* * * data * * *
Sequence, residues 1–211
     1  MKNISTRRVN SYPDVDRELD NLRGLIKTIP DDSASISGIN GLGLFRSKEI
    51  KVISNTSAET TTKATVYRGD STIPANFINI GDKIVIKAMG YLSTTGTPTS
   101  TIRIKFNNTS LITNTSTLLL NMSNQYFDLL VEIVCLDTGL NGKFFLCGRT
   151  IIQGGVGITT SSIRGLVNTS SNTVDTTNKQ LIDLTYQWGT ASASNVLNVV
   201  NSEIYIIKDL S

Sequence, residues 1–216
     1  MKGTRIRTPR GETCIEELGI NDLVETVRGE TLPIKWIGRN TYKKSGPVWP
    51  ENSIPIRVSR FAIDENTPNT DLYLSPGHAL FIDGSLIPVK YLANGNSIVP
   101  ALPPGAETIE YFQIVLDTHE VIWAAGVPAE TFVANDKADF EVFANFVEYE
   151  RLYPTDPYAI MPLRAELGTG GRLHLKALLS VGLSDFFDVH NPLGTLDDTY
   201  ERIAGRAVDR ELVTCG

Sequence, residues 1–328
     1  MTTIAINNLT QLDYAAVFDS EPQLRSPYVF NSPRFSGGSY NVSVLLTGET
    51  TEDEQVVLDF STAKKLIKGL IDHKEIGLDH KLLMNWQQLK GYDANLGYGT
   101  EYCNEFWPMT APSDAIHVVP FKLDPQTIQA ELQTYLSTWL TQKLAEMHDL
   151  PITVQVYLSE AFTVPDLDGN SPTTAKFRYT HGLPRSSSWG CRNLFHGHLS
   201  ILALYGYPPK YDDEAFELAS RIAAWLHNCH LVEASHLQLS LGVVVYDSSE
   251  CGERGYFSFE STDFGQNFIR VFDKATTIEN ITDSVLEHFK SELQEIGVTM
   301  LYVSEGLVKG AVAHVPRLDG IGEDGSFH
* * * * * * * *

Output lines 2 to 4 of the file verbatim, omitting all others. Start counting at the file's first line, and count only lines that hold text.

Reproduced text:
     1  MKNISTRRVN SYPDVDRELD NLRGLIKTIP DDSASISGIN GLGLFRSKEI
    51  KVISNTSAET TTKATVYRGD STIPANFINI GDKIVIKAMG YLSTTGTPTS
   101  TIRIKFNNTS LITNTSTLLL NMSNQYFDLL VEIVCLDTGL NGKFFLCGRT